If you and your spouse are separating, are you the one moving out? Before you relocate, here are tips and issues to consider as you go about finding a new place.
Make a Budget: Seeing a list of all your daily and longterm living expenses can be a big help in determining what kind of rent (or mortgage) you can afford in your new place. As tempting as it can be to show up your spouse with a “look how great I’m doing” moment of revenge by renting out a penthouse apartment overlooking the Manhattan skyline, if you can’t afford it, it’s just not worth it.
In making out a budget, remember that you may need to take into account any child support or alimony you may now be obligated to pay monthly, if temporary orders during your separation are put in place. If you currently own a home with your spouse, you could also be responsible for partial payment of the mortgage until the house is sold or your spouse takes over payments as part of your divorce settlement.
What Kind of Place: Once you know how much you can spend on rent, take a look at places through the lens of what works best with your current situation. Do you have kids that will live with you, even if it’s part-time? Make sure the space can comfortably accommodate them, ideally with a bedroom where each child can leave their belongings and truly feel “at home.” If you have children who will spend school nights with you, you may want to limit your search area to apartments in your same community or nearby towns. If kids are not in the picture, you may want to consider living closer to your own family, closer to your work, or somewhere completely new!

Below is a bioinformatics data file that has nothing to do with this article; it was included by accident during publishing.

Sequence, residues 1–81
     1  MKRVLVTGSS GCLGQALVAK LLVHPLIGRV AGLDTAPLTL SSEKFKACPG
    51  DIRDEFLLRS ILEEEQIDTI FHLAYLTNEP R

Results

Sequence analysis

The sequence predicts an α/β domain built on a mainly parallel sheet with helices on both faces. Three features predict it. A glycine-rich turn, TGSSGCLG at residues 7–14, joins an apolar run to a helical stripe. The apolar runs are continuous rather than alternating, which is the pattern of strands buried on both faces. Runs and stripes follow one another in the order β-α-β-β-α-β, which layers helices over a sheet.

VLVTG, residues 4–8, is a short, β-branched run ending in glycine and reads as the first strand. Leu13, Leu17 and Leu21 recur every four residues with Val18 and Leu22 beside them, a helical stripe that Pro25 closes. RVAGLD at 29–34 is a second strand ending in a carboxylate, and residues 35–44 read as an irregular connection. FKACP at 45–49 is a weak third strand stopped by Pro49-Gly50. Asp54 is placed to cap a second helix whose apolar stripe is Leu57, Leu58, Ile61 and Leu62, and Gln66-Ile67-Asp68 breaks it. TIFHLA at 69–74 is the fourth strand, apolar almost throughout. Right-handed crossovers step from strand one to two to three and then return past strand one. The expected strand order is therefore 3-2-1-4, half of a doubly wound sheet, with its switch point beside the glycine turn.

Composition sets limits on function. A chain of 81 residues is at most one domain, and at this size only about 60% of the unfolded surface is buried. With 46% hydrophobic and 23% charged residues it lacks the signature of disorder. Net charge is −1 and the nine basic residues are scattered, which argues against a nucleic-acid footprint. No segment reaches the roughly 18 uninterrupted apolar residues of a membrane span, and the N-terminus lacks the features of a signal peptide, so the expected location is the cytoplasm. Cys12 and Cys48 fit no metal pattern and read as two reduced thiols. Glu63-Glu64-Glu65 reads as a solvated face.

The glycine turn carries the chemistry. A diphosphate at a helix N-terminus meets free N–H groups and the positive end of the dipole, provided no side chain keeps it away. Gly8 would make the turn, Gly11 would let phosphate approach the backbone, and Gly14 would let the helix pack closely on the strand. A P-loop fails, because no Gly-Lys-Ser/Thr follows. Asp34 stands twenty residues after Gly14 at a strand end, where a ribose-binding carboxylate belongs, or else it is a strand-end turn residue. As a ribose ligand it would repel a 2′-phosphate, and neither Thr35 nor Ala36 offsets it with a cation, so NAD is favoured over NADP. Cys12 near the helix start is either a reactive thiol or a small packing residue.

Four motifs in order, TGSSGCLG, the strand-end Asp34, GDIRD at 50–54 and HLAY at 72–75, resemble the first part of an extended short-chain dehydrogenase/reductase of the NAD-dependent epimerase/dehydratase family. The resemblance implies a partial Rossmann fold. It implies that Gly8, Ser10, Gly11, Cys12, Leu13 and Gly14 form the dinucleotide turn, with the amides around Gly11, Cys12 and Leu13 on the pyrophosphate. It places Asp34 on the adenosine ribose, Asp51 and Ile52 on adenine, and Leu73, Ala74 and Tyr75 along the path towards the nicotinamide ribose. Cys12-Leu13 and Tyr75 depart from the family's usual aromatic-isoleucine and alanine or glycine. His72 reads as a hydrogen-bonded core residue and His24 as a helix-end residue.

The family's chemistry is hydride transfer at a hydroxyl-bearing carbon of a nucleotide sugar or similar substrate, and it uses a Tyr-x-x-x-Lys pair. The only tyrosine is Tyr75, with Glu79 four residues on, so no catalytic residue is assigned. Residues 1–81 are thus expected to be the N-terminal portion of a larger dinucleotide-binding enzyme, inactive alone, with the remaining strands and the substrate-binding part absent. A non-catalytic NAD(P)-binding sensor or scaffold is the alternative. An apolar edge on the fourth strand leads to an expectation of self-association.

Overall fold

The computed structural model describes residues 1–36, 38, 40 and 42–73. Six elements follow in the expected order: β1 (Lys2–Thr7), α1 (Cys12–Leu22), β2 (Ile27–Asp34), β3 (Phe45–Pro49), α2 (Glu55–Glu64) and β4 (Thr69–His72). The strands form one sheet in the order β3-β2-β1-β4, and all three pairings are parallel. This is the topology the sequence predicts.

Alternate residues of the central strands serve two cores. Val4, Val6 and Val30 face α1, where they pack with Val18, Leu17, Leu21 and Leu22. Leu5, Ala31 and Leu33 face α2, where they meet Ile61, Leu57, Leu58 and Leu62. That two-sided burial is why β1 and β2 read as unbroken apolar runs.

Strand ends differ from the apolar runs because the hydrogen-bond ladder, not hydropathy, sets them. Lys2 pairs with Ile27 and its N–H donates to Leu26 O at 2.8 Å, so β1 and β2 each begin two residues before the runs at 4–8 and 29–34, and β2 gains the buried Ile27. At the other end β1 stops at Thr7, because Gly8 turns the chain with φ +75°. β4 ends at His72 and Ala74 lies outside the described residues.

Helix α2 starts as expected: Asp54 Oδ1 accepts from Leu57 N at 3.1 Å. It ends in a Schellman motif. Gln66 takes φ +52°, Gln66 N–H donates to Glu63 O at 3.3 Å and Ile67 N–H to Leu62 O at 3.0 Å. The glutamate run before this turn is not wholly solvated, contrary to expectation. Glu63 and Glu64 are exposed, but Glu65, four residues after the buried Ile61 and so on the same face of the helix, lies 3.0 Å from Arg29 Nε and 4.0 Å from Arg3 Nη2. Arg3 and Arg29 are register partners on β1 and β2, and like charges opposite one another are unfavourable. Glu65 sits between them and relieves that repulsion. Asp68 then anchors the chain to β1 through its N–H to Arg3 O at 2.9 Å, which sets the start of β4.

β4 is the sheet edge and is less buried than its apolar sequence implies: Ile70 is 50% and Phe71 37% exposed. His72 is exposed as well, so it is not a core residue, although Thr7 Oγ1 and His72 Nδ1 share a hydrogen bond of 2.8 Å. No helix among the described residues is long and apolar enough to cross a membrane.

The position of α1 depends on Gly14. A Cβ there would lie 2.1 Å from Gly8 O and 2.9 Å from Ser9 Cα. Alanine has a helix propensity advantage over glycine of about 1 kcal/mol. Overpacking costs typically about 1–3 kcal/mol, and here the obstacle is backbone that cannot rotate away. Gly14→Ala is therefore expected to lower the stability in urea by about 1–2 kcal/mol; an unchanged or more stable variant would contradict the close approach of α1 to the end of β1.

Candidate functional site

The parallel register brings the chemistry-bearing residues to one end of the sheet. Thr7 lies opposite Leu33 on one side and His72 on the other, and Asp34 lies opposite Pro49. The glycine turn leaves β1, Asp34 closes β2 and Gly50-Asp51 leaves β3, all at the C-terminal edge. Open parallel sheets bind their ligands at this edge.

Check Your Credit: You may need to submit to a credit check as part of your rental application, so it’s a good to obtain a report for yourself first to see if there are any errors or items that can be removed. If you and your spouse have been renting, you can also request that your name be removed from the lease and utility bills to avoid future financial obligation if your spouse stops paying.
What to Take: Pack up all personal belongs, including: clothing, medicine, family heirlooms, mementos, and any items you personal purchased yourself or received as a personal gift. Should you take the TV? Maybe, depending on what the two of you agree to. It’s usually best if you can prove that it was purchased with personal funds and meant to be your own property (and not a gift to your spouse or family). Also remember to make a note of all address, phone numbers, and account information regarding pension accounts, bank and credit accounts, insurance policies, and any other financial paperwork If you don’t have online access to financial records, make a copy of old bills and statements before leaving.
Account for What Is Left Behind: One last step before you leave for good? Walk through the house and take pictures of all items being left behind that you may want to claim as marital property during your divorce negotiations. Back these photos up with a written list.